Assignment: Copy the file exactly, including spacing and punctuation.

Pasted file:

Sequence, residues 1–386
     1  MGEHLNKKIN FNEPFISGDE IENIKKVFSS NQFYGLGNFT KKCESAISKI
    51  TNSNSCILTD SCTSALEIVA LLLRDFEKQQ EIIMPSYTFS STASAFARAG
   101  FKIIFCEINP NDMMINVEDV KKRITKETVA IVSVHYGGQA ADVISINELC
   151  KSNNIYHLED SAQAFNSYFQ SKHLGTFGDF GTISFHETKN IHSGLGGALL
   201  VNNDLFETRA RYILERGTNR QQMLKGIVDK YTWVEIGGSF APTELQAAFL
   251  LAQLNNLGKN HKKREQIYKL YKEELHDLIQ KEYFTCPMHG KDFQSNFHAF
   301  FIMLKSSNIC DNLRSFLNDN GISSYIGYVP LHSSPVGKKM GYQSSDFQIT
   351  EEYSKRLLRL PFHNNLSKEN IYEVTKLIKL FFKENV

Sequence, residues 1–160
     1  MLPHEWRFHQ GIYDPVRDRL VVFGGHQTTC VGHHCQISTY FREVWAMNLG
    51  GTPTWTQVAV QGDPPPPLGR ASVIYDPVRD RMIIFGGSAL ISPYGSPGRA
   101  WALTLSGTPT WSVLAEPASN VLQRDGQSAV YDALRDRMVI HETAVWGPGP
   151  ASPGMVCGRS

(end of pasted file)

Sequence, residues 1–386
     1  MGEHLNKKIN FNEPFISGDE IENIKKVFSS NQFYGLGNFT KKCESAISKI
    51  TNSNSCILTD SCTSALEIVA LLLRDFEKQQ EIIMPSYTFS STASAFARAG
   101  FKIIFCEINP NDMMINVEDV KKRITKETVA IVSVHYGGQA ADVISINELC
   151  KSNNIYHLED SAQAFNSYFQ SKHLGTFGDF GTISFHETKN IHSGLGGALL
   201  VNNDLFETRA RYILERGTNR QQMLKGIVDK YTWVEIGGSF APTELQAAFL
   251  LAQLNNLGKN HKKREQIYKL YKEELHDLIQ KEYFTCPMHG KDFQSNFHAF
   301  FIMLKSSNIC DNLRSFLNDN GISSYIGYVP LHSSPVGKKM GYQSSDFQIT
   351  EEYSKRLLRL PFHNNLSKEN IYEVTKLIKL FFKENV

Sequence, residues 1–160
     1  MLPHEWRFHQ GIYDPVRDRL VVFGGHQTTC VGHHCQISTY FREVWAMNLG
    51  GTPTWTQVAV QGDPPPPLGR ASVIYDPVRD RMIIFGGSAL ISPYGSPGRA
   101  WALTLSGTPT WSVLAEPASN VLQRDGQSAV YDALRDRMVI HETAVWGPGP
   151  ASPGMVCGRS